The event we refer to was scheduled for August 11th, near Fort Hood, Texas. Like Pastor Warren's interviews with Barack Obama and John McCain, the Fort Hood forum represented something new in presidential politics. It would be the first time that presidential candidates answered questions about their military and national security policies by those most interested in such matters--members of the armed forces, their families, and military retirees.
Organized by the wife of an Army officer stationed at Fort Hood, the proposed military forum was sponsored by no less than 15 organizations, ranging from the Military Officers Association of America, to Veterans for Common Sense. CBS News agreed to televise the event, to be held at the Bell County Expo Center in Belton Texas, near Fort Hood. At least 6,000 military members and dependents were expected to attend the forum.
But there was no military town hall meeting in Texas last week. While Republican John McCain agreed to participate in the forum, his Democratic rival, Barack Obama, turned down the invitation, citing "scheduling" conflicts. And, with Mr. Obama declining offers to reschedule, organizers put the event on hold late last month. At this point, it seems unlikely that the Fort Hood forum will ever be held.
Sadly, we predicted as much last month. With Mr. McCain enjoying a sizable lead among military voters and veterans, Obama's advisers apparently decided that the Fort Hood event would be a less-than-ideal venue for their candidate. And, considering the Senator's subsequent performance at Saddleback Church, it may have been a wise decision. If anything, Mr. Obama would have faced even tougher questions from that military crowd, reinforcing his lack of experience in defense and national security matters.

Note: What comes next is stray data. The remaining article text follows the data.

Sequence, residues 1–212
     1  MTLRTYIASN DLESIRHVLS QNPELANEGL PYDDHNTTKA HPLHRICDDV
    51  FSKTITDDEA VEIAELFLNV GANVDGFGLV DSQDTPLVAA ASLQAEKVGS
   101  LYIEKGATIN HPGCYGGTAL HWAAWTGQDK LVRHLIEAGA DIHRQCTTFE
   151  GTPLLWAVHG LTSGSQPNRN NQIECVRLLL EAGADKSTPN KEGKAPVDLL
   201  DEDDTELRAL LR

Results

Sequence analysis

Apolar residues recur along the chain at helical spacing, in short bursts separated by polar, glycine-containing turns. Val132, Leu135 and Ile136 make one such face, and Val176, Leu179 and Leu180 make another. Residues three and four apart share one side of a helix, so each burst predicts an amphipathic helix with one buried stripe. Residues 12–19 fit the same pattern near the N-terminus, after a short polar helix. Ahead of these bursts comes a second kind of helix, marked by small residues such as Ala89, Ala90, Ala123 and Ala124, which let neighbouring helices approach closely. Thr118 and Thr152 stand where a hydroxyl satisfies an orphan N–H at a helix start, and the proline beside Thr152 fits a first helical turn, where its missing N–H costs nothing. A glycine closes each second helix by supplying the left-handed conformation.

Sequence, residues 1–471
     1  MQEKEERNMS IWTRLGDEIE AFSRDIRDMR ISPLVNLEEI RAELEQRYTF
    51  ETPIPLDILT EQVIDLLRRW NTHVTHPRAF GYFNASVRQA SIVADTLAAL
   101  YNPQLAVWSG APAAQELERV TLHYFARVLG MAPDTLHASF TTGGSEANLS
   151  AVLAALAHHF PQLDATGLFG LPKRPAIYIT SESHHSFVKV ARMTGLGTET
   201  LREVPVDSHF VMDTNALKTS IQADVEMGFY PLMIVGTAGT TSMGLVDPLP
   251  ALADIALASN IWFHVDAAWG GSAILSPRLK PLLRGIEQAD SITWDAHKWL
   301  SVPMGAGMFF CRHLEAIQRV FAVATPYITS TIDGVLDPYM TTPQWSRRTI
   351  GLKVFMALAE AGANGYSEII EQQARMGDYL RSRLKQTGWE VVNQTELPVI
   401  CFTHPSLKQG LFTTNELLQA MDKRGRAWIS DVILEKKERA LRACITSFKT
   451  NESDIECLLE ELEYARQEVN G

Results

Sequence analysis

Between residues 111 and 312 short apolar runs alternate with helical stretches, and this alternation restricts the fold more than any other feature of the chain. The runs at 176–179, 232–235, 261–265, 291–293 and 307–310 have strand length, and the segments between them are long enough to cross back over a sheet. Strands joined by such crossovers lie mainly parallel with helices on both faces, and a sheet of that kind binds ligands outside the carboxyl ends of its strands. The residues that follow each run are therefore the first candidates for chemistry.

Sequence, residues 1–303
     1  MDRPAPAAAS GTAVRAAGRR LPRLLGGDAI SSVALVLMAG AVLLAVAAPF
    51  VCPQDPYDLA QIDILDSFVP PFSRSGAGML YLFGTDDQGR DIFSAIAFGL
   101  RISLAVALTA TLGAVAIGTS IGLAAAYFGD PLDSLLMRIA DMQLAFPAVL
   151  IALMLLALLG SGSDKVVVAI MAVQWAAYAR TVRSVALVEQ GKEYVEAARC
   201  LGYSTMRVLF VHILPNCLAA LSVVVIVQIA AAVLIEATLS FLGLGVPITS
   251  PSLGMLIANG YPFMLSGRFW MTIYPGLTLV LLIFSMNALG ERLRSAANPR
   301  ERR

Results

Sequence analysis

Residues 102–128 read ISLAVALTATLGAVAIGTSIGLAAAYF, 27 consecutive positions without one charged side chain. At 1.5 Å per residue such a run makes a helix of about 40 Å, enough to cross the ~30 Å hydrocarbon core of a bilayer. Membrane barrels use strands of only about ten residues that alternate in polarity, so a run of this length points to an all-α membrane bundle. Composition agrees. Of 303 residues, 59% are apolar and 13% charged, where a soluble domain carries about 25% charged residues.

Organizers of the Fort Hood forum still hold out hope that the event can be held. We're not optimistic, but the concept has clear merit. For generations, presidential candidates have discussed security issues in debates and town hall meetings, but the questions have been typically posed by journalists with only a cursory knowledge of military affairs.
Carissa Picard, leader of the Fort Hood organizing committee, decided it was time to let the troops and their families ask the questions. It is an idea whose time has come, and there's little doubt that the military town hall would have been as interesting and informative as the event at Saddleback.
During wartime, those who go in harm's way deserve an opportunity to query politicians who want to serve as their commander-in-chief. Unfortunately, due to Mr. Obama's scheduling problems, the military community at Fort Hood will never get a chance to question the presidential nominees. On the campaign trail, Senator Obama has tried to depict himself as a champion of military families, promising more benefits and faster assistance for those in need.
But Obama's actions fail to match his rhetoric. During his recent foreign policy extravaganza, he took a pass on visiting wounded troops in Germany, after learning that his campaign team--and the traveling media--couldn't accompany him. Instead of making a low-key trip to the Landstuhl military medical center (as a serving Senator), Mr. Obama went to the gym.
If nothing else, Obama's decision to opt out of the Fort Hood event is remarkably consistent with the recent tone of his campaign. The candidate who once pledged to meet John McCain "anytime, anywhere," now seems to have an aversion to joint appearances. He has agreed to only three debates, following the same, predictable format of years past.
As for members of our military, Mr. Obama has adopted a similar policy. He's glad to meet with them, but only on his schedule, and under conditions that he controls. A free-flowing town hall meeting on defense issues, with questions from the people most affected by those policies? Unfortunately, it won't happen at Fort Hood (or any other military community) this election year.